Optimize Algorithms
This week’s content focuses on optimization algorithms, which can significantly enhance and expedite the training of deep learning models. Let’s dive in!
1. Importance of Optimization Algorithms
Optimization algorithms are crucial in the fields of machine learning and deep learning, particularly when training deep neural networks. These algorithms are methods used to minimize (or maximize) functions, typically the loss function in deep learning, with the goal of finding the optimal parameters that minimize this function.
Why Optimization Algorithms are Necessary
In deep learning, the aim is to achieve the best possible performance on the training data while preventing overfitting, ensuring the model also performs well on new, unseen data. This requires balancing between overfitting and underfitting. Optimization algorithms are the tools that help us find this balance.
Common Types of Optimization Algorithms
 Batch Gradient Descent: Uses all training samples to perform gradient descent in each iteration.
 Stochastic Gradient Descent: Uses one training sample to perform gradient descent in each iteration.
 Minibatch Gradient Descent: Uses a subset of training samples to perform gradient descent in each iteration.
Choosing the right optimization algorithm is critical, as it can improve model performance and accuracy while reducing training time. We will explore some key optimization algorithms and explain how they work in detail.
2. Minibatch Gradient Descent
Gradient descent is one of the most widely used optimization algorithms, aiming to minimize a given function, usually the loss function in deep learning. This is done by iteratively adjusting the model’s parameters so that the loss function value decreases with each iteration. The direction of parameter updates is always opposite to the gradient of the loss function, moving towards the fastest decrease in the loss function.
Minibatch Gradient Descent strikes a balance between Batch Gradient Descent and Stochastic Gradient Descent. Batch Gradient Descent uses the entire training set to compute the gradient in each iteration, while Stochastic Gradient Descent uses only one sample. Minibatch Gradient Descent uses a subset of samples (a “minibatch”) in each iteration to compute the gradient.
The key advantage of Minibatch Gradient Descent is that it combines the stability of Batch Gradient Descent with the efficiency of Stochastic Gradient Descent. It leverages hardware optimizations for efficient computation and, due to the use of sample subsets, introduces randomness that helps the model escape local minima and find better optimization results.
Comparison of the three gradient descent methods:
 Batch Gradient Descent: Uses the entire training set to compute the gradient and update model parameters each iteration. This can be timeconsuming for large datasets.
 Minibatch Gradient Descent: Uses a portion of the training set (a “minibatch”) to compute the gradient and update model parameters each iteration. Although the cost function may have some noise, the overall trend should decrease. It is crucial to set an appropriate minibatch size, as sizes too large or too small can affect training efficiency.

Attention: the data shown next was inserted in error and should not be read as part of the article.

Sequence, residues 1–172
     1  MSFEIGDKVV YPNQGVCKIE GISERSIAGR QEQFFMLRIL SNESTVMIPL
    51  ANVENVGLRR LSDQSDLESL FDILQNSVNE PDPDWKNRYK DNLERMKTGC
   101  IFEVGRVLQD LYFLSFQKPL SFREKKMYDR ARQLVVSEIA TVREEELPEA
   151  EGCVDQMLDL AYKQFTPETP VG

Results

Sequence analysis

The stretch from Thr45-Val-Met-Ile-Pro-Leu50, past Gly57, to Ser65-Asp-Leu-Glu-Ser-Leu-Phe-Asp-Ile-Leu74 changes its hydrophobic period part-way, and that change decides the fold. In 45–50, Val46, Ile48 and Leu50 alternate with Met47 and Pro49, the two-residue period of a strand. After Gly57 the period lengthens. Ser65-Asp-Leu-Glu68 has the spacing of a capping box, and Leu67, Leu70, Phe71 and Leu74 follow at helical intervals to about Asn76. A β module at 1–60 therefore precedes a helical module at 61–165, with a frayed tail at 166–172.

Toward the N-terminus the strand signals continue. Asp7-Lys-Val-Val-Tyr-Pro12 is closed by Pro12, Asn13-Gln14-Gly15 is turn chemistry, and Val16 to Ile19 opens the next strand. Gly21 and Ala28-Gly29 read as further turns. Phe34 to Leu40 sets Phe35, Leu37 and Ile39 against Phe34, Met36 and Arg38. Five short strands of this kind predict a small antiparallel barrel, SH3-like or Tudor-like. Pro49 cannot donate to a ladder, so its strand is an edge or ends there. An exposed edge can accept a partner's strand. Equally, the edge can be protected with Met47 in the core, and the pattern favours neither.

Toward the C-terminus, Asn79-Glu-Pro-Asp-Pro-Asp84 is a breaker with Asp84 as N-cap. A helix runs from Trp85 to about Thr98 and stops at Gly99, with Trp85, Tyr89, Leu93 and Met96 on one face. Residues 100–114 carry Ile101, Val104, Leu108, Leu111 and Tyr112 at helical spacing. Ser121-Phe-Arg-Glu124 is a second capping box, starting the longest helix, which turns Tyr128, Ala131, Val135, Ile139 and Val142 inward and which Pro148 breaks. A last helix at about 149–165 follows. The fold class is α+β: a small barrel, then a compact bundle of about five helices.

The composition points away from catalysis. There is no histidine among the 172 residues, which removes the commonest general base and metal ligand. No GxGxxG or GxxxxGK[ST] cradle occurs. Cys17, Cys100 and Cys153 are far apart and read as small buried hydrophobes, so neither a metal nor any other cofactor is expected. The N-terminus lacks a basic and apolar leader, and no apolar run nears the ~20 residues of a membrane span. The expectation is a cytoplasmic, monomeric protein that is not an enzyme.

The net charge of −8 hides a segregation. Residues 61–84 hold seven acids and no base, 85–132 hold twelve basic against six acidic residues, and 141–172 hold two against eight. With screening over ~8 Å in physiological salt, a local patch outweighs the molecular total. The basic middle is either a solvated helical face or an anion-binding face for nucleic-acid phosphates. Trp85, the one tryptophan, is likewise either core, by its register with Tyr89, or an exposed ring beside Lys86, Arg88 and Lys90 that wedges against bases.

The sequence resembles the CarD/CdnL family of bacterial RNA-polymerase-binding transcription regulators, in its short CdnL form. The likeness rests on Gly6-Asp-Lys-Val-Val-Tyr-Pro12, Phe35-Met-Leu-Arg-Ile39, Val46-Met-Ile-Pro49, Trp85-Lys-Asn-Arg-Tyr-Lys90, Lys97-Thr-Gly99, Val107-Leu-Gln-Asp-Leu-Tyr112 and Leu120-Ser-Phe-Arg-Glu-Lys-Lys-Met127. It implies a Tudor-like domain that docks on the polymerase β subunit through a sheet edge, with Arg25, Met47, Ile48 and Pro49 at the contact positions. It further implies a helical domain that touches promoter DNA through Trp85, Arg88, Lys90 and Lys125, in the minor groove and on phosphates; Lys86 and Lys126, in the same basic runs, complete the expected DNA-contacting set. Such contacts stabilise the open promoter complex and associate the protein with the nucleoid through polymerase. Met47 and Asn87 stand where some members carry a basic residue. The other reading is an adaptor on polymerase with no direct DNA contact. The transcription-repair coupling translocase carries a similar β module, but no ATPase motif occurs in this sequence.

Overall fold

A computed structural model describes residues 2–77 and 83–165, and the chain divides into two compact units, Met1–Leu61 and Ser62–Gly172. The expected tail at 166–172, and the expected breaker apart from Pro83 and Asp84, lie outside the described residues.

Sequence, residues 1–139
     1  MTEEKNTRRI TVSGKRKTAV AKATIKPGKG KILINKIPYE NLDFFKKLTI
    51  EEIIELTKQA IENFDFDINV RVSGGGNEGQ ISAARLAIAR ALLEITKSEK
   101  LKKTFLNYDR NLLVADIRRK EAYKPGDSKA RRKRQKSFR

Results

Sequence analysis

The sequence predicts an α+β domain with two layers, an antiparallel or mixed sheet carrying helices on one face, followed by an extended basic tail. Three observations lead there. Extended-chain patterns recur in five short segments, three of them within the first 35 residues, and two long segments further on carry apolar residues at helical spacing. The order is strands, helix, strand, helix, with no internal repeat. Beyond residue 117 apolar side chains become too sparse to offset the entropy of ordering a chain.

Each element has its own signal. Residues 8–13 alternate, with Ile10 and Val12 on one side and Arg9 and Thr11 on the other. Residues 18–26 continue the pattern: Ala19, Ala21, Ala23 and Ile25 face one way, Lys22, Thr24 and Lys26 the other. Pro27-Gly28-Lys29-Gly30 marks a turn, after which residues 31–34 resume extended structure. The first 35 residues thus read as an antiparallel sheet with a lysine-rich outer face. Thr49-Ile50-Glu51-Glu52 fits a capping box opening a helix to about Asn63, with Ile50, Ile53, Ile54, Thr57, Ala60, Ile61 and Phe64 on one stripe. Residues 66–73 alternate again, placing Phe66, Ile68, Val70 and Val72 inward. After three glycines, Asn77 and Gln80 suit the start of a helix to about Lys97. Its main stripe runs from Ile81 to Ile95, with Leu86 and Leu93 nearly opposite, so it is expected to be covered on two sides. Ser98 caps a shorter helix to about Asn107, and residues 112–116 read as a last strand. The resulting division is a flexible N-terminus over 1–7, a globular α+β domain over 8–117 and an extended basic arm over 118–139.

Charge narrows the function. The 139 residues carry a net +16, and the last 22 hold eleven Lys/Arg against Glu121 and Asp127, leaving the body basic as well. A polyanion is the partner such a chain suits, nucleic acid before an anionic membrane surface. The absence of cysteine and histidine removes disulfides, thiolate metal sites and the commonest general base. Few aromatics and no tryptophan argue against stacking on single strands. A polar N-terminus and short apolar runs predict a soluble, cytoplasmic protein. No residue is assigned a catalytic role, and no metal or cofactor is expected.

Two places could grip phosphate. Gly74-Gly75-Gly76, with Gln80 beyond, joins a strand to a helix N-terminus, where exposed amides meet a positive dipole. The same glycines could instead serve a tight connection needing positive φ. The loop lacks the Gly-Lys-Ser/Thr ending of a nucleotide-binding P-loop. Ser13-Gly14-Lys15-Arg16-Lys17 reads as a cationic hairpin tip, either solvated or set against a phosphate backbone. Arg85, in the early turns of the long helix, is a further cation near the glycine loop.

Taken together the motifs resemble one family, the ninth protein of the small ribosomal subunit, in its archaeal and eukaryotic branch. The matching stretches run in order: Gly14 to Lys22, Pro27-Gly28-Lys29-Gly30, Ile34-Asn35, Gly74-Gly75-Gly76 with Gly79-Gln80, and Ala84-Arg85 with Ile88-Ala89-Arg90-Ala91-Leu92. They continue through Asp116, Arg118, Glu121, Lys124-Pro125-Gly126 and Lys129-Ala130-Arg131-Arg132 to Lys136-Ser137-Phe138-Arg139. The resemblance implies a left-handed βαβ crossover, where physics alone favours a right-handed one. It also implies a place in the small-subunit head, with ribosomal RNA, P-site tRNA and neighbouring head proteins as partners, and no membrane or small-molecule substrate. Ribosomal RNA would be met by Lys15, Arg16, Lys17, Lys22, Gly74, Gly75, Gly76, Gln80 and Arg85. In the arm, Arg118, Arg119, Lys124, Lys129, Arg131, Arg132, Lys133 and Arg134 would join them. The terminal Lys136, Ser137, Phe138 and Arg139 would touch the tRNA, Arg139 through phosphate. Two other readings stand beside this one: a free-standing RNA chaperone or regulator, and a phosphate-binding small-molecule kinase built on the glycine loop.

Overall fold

Stochastic Gradient Descent: Uses one training sample to compute the gradient and update model parameters each iteration. This method may be noisy and not converge to the global minimum but generally moves in the right direction.
Choosing Minibatch Size:
 For small training sets (fewer than 2000 samples), Batch Gradient Descent is suitable.
 For larger training sets, minibatch sizes typically range from 64 to 512, as powers of 2 are more efficient for computer memory access (e.g., 64, 128, 256, 512).
 Ensure each minibatch can fit into the CPU/GPU memory.
3. The Concept and Practice of Exponentially Weighted Averages
In optimization algorithms, it is often necessary to estimate the moving average of certain parameters or statistics. This can be achieved using a technique known as Exponentially Weighted Averages, also known in statistics as Exponentially Weighted Moving Average.
The Concept of Exponentially Weighted Average
The primary idea behind Exponentially Weighted Average is to assign greater weights to recent observations while giving smaller weights to older ones. Given a series of observations $x_1, x_2, \ldots, x_t$, the Exponentially Weighted Average $V_t$ for each time step $t$ is calculated as follows: $$ V_t = \beta V_{t1} + (1  \beta)x_t $$ In this formula, $\beta$ is a parameter between 0 and 1 that determines the extent of the weight distribution. The closer $\beta$ is to 1, the more weight is assigned to past observations, resulting in a smoother average and smoother curve on the graph; the smaller $\beta$ is, the more weight is given to recent observations, making the average more sensitive to changes.
The Implementation of Exponentially Weighted Average
When $t=100$ and $\beta=0.9$, it can be understood as $0.1x_{100} + 0.9x_{99}$. Thus, $V_{100}$ is actually a weighted average of a series of values like 99, 98, and so on, with the weights decreasing exponentially by a factor of 0.9. In fact, the sum of these coefficients is close to 1, which is why it is called an Exponentially Weighted Average.
So, how many days of data does the Exponentially Weighted Average actually cover? If $\beta=0.9$, then the 10th power of 0.9 is about 0.35, meaning the weight decays to about 1/3 of its original value after 10 days. Therefore, when $\beta=0.9$, this formula essentially calculates the weighted average of the data from the past 10 days. Conversely, if $\beta=0.98$, it takes 50 days for the weight to decay to about 1/3 of its original value. Thus, we can view this formula as calculating the weighted average of the data from the past 50 days. Generally, we can think of this formula as averaging data over approximately $1/(1\beta)$ days.